colnames(df_merged)
colnames(df_order)
[1] "Model" "mpg"   "cyl"   "disp"  "hp"    "drat"  "wt"    "qsec"  "vs"    "am"    "gear"  "carb"  "Color"
[1] "am"    "carb"  "Color" "cyl"   "disp"  "drat"  "gear"  "hp"    "Model" "mpg"   "qsec" "vs"    "wt"

Here we put the comma as the first argument which R interpret as columns, then we gave as argument the list of the column names.

Changing the column order

We already saw just before how to order the column, but if we want to be finer for example only wanting to put the last column at the second place we need to use a different strategy;

df_merged <- df_merged[,c(1,13,2:12)]
head(df_merged)
               Model Color  mpg cyl disp  hp drat    wt  qsec vs am gear carb
1        AMC Javelin white 15.2   8  304 150 3.15 3.435 17.30  0  0    3    2
2 Cadillac Fleetwood  grey 10.4   8  472 205 2.93 5.250 17.98  0  0    3    4
3         Camaro Z28 white 13.3   8  350 245 3.73 3.840 15.41  0  0    3    4
4  Chrysler Imperial white 14.7   8  440 230 3.23 5.345 17.42  0  0    3    4
5            Citroën  grey   NA  NA   NA  NA   NA    NA    NA NA NA   NA   NA
6         Datsun 710   red 22.8   4  108  93 3.85 2.320 18.61  1  1    4    1

What R did was to take the first column in the df_merged data frame and put it in the same place, then it took the 13eth column and put it in the second place and all remaining columns were rearranged. The c is necessary (as always!) because we are giving a list of more than one elements (this always true in R whenever you want to give more than one element outside a function context you have to use c).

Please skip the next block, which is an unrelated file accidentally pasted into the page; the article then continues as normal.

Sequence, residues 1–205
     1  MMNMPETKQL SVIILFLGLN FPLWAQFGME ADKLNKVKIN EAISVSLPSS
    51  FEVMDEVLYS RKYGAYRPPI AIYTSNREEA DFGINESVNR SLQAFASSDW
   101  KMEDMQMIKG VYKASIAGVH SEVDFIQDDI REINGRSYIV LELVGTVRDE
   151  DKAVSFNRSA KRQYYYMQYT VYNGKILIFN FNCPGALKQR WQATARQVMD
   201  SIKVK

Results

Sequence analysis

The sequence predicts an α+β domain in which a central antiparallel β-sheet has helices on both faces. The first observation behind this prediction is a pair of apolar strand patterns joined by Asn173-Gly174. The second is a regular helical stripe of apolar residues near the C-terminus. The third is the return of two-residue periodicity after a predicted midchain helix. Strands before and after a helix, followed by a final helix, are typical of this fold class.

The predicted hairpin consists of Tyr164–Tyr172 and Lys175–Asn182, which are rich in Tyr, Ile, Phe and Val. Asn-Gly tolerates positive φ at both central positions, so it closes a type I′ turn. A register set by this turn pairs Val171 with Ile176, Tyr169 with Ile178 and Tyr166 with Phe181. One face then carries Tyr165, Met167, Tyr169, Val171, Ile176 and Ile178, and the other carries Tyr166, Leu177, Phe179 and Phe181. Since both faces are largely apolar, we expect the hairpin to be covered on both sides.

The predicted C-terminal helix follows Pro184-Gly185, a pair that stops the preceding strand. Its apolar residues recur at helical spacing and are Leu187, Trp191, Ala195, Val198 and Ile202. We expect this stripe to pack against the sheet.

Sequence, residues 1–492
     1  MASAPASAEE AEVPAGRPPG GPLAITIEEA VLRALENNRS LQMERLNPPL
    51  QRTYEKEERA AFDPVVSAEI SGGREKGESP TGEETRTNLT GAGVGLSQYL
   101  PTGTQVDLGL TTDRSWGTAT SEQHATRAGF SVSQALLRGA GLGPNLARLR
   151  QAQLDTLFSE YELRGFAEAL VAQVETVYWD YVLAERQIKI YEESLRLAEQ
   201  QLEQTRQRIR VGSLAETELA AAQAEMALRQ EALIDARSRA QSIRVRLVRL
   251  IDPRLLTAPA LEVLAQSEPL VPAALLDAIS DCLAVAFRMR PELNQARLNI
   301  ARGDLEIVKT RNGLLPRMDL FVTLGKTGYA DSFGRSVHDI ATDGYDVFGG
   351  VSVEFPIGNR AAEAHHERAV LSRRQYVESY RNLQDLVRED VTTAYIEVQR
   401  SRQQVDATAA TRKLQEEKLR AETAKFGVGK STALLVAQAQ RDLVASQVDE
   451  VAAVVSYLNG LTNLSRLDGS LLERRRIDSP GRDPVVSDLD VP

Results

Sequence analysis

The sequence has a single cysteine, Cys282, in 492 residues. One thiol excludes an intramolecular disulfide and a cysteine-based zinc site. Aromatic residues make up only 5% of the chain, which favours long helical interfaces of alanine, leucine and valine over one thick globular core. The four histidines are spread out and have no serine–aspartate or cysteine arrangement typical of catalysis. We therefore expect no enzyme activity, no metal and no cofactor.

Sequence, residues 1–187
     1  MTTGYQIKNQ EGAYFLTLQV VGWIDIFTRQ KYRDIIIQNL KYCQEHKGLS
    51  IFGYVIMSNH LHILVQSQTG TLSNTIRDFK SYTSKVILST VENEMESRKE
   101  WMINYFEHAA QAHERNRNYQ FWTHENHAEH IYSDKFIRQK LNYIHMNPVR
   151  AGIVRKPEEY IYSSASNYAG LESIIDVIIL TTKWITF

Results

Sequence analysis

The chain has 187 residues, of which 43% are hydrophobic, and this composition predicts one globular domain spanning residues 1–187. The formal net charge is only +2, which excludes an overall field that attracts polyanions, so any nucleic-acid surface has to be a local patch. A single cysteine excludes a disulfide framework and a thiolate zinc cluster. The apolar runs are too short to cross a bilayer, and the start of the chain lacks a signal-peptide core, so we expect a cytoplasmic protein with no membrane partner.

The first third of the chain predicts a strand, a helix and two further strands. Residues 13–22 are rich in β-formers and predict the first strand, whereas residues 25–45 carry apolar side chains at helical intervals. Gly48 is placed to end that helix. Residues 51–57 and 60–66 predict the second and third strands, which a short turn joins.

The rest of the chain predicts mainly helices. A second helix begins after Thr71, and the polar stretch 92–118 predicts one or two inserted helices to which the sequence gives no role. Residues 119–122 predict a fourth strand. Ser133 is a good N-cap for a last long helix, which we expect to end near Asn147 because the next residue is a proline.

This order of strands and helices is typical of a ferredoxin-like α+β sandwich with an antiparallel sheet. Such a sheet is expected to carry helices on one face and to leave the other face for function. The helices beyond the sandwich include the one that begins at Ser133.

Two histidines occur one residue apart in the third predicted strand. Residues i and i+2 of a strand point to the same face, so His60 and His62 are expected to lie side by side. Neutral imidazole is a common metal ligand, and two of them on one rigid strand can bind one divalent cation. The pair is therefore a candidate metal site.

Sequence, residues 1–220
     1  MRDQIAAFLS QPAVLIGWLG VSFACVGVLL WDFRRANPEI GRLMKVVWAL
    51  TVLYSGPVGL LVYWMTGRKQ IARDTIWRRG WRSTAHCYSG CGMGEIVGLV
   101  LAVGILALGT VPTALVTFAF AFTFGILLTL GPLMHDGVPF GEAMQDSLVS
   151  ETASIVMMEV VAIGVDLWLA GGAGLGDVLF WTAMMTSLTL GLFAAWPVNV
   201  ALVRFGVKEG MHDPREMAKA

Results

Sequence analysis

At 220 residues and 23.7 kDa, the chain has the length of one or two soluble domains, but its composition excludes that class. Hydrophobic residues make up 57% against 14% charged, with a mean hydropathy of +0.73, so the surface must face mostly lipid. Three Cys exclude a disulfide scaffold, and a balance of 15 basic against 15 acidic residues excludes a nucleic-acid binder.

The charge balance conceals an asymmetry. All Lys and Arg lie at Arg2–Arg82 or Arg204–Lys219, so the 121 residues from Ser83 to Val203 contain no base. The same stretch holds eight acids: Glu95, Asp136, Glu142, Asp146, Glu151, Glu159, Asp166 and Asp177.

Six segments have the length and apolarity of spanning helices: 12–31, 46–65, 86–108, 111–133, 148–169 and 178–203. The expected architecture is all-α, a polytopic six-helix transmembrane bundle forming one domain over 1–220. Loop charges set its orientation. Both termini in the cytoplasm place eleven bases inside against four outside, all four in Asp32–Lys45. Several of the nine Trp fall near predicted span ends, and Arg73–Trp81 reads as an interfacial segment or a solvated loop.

Deleting a variable

There are numerous way to delete a variable from a data frame here is just one that I selected because you don’t need to know about the position of the variable in the data frame just the name of it:

df_merged$Color <- NULL
head(df_merged)
              Model  mpg cyl disp  hp drat    wt  qsec vs am gear carb
1        AMC Javelin 15.2   8  304 150 3.15 3.435 17.30  0  0    3    2
2 Cadillac Fleetwood 10.4   8  472 205 2.93 5.250 17.98  0  0    3    4
3         Camaro Z28 13.3   8  350 245 3.73 3.840 15.41  0  0    3    4
4  Chrysler Imperial 14.7   8  440 230 3.23 5.345 17.42  0  0    3    4
5         Datsun 710 22.8   4  108  93 3.85 2.320 18.61  1  1    4    1
6   Dodge Challenger 15.5   8  318 150 2.76 3.520 16.87  0  0    3    2

Very easy we set the variable color to NULL so all its content is erased.

Subseting and Indexing

This is a very powerful tool it allows you to take subset of the data frame, there are two ways to do it the first one by using the squared bracket and the index that R automatically use (remember when we use them to select specific columns in a matrix) or to use the function subset, from our data frame we want to select only the cars with 4 or more gears

new <- df_merged[df$gear>=4,]
new2 <- subset(df_merged,gear>=4)
new$gear
new2$gear
[1] 4 5 4 4 5 4 5 5 4 4 4 4 4 4 5 4 4
[1] 4 5 4 4 5 4 5 5 4 4 4 4 4 4 5 4 4

In both ways there is a logical expression (here >=) the only major difference is that in the first one we have to add a comma at the end to work on every rows when the function subset does this automatically. This subseting is very often used so I will show a few more example of what we can do:

n <- 8
new <-df_merged[df_merged$cyl%in%n,]
new$cyl
[1] 8 8 8 8 8 8 8 8 8 8 8 8 8 8

Here the %in% mean the intersection between df_merged$cyl and n, this intersection is very useful when you have a list of names and you want to extract information related to them in a data frame.

new <- subset(df_merged, gear==4 & cyl!=8)
new$cyl
new$gear
[1] 4 4 4 4 6 6 4 4 6 6 4 4
[1] 4 4 4 4 4 4 4 4 4 4 4 4

Now here is a nested subsetting in this case we are only keeping the rows (car models) that have 4 gears and not 8 cylinders (the != operator mean not equal to).

You can play around indefinitely with these tools, this allow you to really master your data. Please note that some packages helps you manage your data frame, a very handy one is the dplyr package I would recommend that you look into this. To fully appreciate the power of this package one need to have spent lines and lines of code writing what dplyr can elegantly do in a few lines.